The discovery that some Marines at the U.S. Embassy in Moscow have been seduced from the line of duty has tapped a widely held fantasy about the sexual needs of men, particularly those in uniform far from the comforts of home.
Only one of my friends has taken the hard line. "Treason is treason," he argued, "and should be rewarded by the rope." But he is a remarkable exception--a leftover from another, more astringent, age. All the others, including political conservatives, have been able to find some extenuating circumstance, often of the kind cited by a correspondent for the New York Post who wrote, "Anyone who has served in the armed services knows that sexual activity is constantly on the mind, and, if conditions permit, pursued." I take this to be, on the whole, an observation about men in the military with which many would agree. My question is: Why do so many people agree?
Until the very recent past, even the idea of asking the question of why we believed that men in general, and men in uniform in particular, are in a state of constant sexual frenzy would have been met with incredulity. As one woman told Dr. Kinsey in dismissing the need for his research on men: "Everyone knows that men are just a bunch of leering, prancing goats." This view that inside every man there lurks a sexual beast is shared by many religionists, some sociobiologists and a few feminists. Indeed, many everyday folks hold the view that men's sexual urges can be diluted only by marriage or by friendly feminine presences such as mothers, sisters and girlfriends. Urges that are not diluted need to be absorbed by prostitutes or other morally suspect women; the undiluted or unabsorbed remainder results in sex crime and violence.
While few men, even when in the military, are actually in danger of being overcome by rampant sexual needs, nearly all men can recall occasions when they did something sexual that seemed to be the result of an "uncontrollable urge." When most men remember such incidents, particularly those that were morally equivocal, they often attribute their conduct to sexual impulses that burst the bounds of constraint after long periods of deprivation or as the result of undue provocation by women. In many cases these episodes are further justified by disingenuous references to drink.
Other men, perhaps sensitized by feminism, may recall similar sexual occasions with some shame, recognizing them as moments when their fears about their masculinity ran well ahead of decency and good sense rather than as the result of unbridled provoked or drunken lust.
These recognitions should help to subvert our unexamined beliefs in men's uncontrollable sexual nature and turn our attention to the ways in which becoming a man in this society demands a certain sexual style. Marine Corps manhood is the purest example of a national state of mind in which the real man "kicks ass." The Marines proclaim that they are, as the poster for the corps that was received by my stepson in the last few days reads, "Tough and proud of it." The camouflaged man in the poster carries a climbing rope and an automatic weapon. He is a virtuoso of technical manhood. What is overtly represented by this poster is a man who is capable of disciplined violence in battle; what is covertly offered is an undisciplined masculinity when on leave.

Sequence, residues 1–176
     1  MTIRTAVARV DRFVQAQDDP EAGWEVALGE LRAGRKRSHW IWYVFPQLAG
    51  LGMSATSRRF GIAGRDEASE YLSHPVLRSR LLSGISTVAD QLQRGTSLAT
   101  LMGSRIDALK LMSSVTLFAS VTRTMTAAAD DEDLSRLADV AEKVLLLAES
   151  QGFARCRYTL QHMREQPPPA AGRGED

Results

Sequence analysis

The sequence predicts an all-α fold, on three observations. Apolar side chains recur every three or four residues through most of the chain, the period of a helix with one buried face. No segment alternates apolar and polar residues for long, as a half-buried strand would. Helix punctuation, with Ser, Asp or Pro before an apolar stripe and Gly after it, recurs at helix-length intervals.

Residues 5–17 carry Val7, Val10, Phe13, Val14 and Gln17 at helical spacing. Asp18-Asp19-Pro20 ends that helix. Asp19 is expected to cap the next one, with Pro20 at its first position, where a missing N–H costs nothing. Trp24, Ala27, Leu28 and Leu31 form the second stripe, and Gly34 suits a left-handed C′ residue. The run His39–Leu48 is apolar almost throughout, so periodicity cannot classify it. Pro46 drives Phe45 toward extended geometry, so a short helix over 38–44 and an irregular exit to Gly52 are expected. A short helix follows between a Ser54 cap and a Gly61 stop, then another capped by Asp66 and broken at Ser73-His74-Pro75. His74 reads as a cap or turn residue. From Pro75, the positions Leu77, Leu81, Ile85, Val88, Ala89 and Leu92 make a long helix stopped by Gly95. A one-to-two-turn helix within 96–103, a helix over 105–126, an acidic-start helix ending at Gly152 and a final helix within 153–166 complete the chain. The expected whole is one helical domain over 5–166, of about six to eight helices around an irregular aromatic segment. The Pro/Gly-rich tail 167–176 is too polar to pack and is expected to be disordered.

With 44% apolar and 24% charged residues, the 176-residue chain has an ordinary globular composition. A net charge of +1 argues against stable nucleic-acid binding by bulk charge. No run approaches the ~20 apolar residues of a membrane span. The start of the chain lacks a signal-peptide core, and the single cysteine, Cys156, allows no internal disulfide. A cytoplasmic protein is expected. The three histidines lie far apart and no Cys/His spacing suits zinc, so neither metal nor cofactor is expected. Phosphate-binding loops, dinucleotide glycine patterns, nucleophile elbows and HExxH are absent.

As a consequence, many young men when dressed up in uniforms regularly participate in excesses of drink, aggression and copulation as they seek to conform to a uniformed culture that is more macho than any individual within it. The leadership in the military routinely tolerates these patterns of conduct, just as they shutter their eyes to the bright-lights districts that are outside the gates of U.S. military bases, particularly overseas. The lecture on sexually transmitted diseases and the omnipresent bar girls are equal parts of a common syndrome of manhood. What AIDS will do to the casualness of getting "a dose" is as yet unclear. Condoms may no longer be only for sissies.
The young sailors whom I saw walking down the Pike in Long Beach during World War II were looking for drink, sex and tattoos. Yet their swagger covered up their real fears of wounds and death, their sexual innocence and their provincialism, as well as their wish to become a man by becoming one of the boys. Psychoanalysts to the contrary, such a desire is not homosexual, but more precisely homosocial. It is the desire to measure up to and please other men in uniform that is the main theme of American manhood.
So it was with the Marines in Moscow. They were taken in by the idea that many people share--that they were particularly sexually needy because they were Marines. What neither they, nor those who supervise them, have yet learned is that sexual performance is not a necessary sign of manhood, and that toughness is not a measure of smarts. Erections not only do not have consciences, they don't have any brains, either.